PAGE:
Amy Elkins' artist dialogue with Erina Duganne, Ph.D.
Join artist Amy Elkins for a dialogue with Erina Duganne, Associate Professor of Art History at Texas State University. Elkins and Duganne will discuss Elkins two bodies of work (Black is the Day, Black is the Night & Parting Words) on view at HCP and their importance in the social context of Texas’s history with corporal punishment.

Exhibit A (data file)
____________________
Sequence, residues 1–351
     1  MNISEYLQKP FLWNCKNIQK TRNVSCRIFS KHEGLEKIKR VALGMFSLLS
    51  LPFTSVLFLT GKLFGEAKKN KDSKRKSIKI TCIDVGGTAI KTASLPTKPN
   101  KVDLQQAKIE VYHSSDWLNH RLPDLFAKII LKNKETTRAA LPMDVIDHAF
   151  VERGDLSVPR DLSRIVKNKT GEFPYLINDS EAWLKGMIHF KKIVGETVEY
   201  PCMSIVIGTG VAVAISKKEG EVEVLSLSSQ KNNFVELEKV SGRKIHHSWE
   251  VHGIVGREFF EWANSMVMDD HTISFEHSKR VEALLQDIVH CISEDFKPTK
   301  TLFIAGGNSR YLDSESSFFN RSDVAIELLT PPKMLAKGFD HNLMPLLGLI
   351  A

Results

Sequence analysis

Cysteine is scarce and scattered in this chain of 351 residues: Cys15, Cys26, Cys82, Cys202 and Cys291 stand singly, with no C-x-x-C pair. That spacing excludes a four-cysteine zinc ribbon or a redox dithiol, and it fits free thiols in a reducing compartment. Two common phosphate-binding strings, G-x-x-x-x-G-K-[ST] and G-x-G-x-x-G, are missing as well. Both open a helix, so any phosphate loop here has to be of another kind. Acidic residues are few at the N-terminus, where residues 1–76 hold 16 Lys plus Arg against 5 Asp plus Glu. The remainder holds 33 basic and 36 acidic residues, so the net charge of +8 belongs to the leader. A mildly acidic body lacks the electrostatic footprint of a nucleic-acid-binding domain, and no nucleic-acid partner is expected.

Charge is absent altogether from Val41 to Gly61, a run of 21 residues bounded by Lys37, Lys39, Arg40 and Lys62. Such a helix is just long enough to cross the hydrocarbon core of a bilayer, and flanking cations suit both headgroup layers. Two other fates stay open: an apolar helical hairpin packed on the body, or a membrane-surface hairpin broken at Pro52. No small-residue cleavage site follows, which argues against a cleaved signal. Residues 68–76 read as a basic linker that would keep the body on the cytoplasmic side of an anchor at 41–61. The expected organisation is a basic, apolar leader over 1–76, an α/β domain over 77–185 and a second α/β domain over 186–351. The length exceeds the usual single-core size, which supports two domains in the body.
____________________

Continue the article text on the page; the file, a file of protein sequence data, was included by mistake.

Erina Duganne is Associate Professor of Art History at Texas State University. She is the author of The Self in Black and White: Race and Subjectivity in Postwar American Photography (University Press of New England, 2010) as well as a co-editor and an essayist for Beautiful Suffering: Photography and the Traffic in Pain (University of Chicago Press, 2007). She is currently working on two book-length projects. The first, entitled Building Global Solidarity with Central America: Art and Social Change at the End of the Cold War, takes up the difficult question of what contribution art, most especially photography, has made to social change through an examination of its function within inter-American solidarity raising activities that were initiated in the early to mid 1980s in response to U.S. interventionist policies in Central America. Part of this research was recently featured in the exhibition Northern Triangle that she co-organized with Borderland Collective members Jason Reed and Mark Menjivar at Blue Star Contemporary Art Museum in San Antonio, TX, in response to the current Central American refugee crisis along the U.S./Mexico border. The second project, which she is co-authoring with Terri Weissman, is a textbook entitled Global Photography: A Critical History, forthcoming from Bloomsbury Publishing. Duganne’s writings have also appeared in Photography & Culture, The Mirror of Race, English Language Notes, History of Photography, and Visual Resources, as well as in such anthologies as Getting the Picture: The History and Visual Culture of the News (Bloomsbury, 2015), Visual Research Methods: Image, Society, and Representation (Sage, 2007), and New Thoughts on the Black Arts Movement (Rutgers University Press, 2006).